Labor law changes in Spain’s Royal Decree 8/2019 (Spanish) require employers to record each employee’s daily working time and offer companies financial incentives to hire workers who have been unemployed at least 12 months.
Features Of Working-Time Register
From 12 May 2019, employers must record their employees’ daily working time, including start and finish times:
- A company collective or sectoral collective bargaining agreement must set out the arrangements for recording working time. Employers can propose an approach but must secure agreement from employee representatives if collective bargaining options don’t apply.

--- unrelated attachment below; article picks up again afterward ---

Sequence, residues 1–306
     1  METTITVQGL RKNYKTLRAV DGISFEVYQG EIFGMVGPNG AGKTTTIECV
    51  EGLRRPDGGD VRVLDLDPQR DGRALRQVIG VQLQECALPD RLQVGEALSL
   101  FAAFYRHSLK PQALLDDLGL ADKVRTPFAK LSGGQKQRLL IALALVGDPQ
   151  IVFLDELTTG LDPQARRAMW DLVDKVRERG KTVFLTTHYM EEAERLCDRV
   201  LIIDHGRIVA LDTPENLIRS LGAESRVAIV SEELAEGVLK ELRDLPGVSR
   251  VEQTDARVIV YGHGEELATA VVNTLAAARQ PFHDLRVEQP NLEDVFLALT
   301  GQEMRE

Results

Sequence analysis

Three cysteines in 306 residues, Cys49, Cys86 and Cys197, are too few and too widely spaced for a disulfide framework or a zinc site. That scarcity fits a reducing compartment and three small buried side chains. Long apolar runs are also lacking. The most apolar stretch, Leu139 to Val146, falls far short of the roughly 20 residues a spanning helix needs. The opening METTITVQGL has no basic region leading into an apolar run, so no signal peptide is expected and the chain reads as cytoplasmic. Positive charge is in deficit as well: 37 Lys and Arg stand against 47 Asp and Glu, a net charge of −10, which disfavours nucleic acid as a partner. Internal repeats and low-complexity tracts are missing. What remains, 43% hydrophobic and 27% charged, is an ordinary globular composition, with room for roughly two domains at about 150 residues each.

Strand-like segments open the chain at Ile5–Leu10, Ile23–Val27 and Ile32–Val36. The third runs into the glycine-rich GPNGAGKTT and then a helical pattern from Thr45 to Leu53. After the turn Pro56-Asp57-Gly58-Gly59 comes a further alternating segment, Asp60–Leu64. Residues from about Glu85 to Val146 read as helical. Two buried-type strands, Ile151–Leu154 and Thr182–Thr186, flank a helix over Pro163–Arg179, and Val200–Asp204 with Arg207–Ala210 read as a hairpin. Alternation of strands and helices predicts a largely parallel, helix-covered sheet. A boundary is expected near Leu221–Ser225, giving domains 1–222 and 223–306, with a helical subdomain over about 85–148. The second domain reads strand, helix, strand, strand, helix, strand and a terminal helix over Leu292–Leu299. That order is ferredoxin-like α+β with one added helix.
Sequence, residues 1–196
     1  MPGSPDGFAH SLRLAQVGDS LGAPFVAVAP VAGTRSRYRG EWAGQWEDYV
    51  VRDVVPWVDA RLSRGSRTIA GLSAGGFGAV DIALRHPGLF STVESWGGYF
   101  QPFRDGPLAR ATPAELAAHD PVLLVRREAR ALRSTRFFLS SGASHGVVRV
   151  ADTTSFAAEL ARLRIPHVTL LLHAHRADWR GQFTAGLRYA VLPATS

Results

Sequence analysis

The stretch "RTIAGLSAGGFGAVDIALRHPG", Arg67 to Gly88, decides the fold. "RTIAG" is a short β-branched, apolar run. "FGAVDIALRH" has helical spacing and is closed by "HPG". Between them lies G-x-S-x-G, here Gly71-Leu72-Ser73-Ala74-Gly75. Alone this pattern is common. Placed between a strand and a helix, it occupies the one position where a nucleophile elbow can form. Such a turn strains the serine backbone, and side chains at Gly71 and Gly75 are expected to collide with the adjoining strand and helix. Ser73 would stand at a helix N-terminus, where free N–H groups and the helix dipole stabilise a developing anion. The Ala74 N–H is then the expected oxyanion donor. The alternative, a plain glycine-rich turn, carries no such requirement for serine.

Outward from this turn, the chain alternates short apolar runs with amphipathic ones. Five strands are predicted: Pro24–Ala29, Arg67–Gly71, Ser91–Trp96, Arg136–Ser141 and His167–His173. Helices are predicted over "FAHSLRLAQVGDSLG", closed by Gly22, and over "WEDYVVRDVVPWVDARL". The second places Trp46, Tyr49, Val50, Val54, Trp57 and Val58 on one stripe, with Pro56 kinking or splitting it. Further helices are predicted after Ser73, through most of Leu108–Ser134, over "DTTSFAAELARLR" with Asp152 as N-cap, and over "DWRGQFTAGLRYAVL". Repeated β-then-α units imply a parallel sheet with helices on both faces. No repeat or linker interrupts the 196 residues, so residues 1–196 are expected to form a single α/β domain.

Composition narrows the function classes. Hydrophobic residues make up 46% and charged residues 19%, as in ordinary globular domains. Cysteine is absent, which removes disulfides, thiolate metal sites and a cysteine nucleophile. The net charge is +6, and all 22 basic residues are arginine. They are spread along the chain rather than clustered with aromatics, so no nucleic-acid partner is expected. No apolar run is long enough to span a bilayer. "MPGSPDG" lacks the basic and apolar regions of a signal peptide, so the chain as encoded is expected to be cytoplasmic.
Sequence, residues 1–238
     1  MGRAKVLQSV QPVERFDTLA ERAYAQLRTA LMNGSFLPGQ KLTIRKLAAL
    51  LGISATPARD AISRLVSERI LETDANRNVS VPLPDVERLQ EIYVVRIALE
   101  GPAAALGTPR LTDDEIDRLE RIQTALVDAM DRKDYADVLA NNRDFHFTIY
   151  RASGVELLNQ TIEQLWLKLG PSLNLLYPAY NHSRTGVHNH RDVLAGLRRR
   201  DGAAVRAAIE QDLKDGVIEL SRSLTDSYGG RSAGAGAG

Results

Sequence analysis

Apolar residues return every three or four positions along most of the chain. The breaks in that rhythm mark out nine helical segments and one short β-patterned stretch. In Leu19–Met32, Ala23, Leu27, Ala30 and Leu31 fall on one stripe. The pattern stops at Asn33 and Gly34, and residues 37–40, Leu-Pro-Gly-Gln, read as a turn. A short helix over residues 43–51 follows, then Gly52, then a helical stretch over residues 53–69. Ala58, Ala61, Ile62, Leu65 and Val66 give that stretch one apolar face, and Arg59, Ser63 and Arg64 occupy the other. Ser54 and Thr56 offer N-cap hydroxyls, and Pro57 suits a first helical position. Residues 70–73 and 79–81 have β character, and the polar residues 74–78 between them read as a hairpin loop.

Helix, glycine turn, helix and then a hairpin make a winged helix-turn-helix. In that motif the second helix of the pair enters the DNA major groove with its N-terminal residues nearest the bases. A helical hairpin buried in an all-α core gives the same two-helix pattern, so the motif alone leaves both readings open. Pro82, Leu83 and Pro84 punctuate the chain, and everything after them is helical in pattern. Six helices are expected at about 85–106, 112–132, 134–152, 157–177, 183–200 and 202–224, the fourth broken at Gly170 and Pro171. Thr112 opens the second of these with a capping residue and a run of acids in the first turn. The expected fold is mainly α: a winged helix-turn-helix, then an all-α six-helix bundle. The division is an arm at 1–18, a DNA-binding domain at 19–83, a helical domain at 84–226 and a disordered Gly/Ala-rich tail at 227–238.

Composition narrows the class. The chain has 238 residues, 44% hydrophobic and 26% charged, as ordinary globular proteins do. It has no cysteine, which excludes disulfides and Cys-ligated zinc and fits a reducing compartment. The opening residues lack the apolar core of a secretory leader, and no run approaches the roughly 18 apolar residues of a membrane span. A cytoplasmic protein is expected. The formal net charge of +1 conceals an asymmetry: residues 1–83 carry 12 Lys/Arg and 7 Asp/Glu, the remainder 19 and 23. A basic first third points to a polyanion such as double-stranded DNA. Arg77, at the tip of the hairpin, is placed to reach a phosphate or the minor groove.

- Employers must retain working-time registers for at least four years.
- Employees — or their representatives — and relevant authorities can inspect working-time registers.
- Employers violating the law could face fines between €626 and €6,250 for “serious infringements.”
Program To Boost Hiring of Long-Term Unemployed Workers
Highlights of measures to increase hiring of long-term unemployed individuals include:
- Employers will pay lower social security contributions for workers hired after 12 months of unemployment during the previous 18 months. The reduction will amount to €1,300 per year for each male employee and €1,500 for each female employee hired full-time, with a pro rata reduction for part-time employees.
- Eligible employment contracts must have a minimum three-year term, calculated from the hiring date.
- Employers cannot reclassify existing employment contracts to receive the reduced social security contribution rate.
- Royal Decree 8/2019 (Spanish) (12 Mar 2019)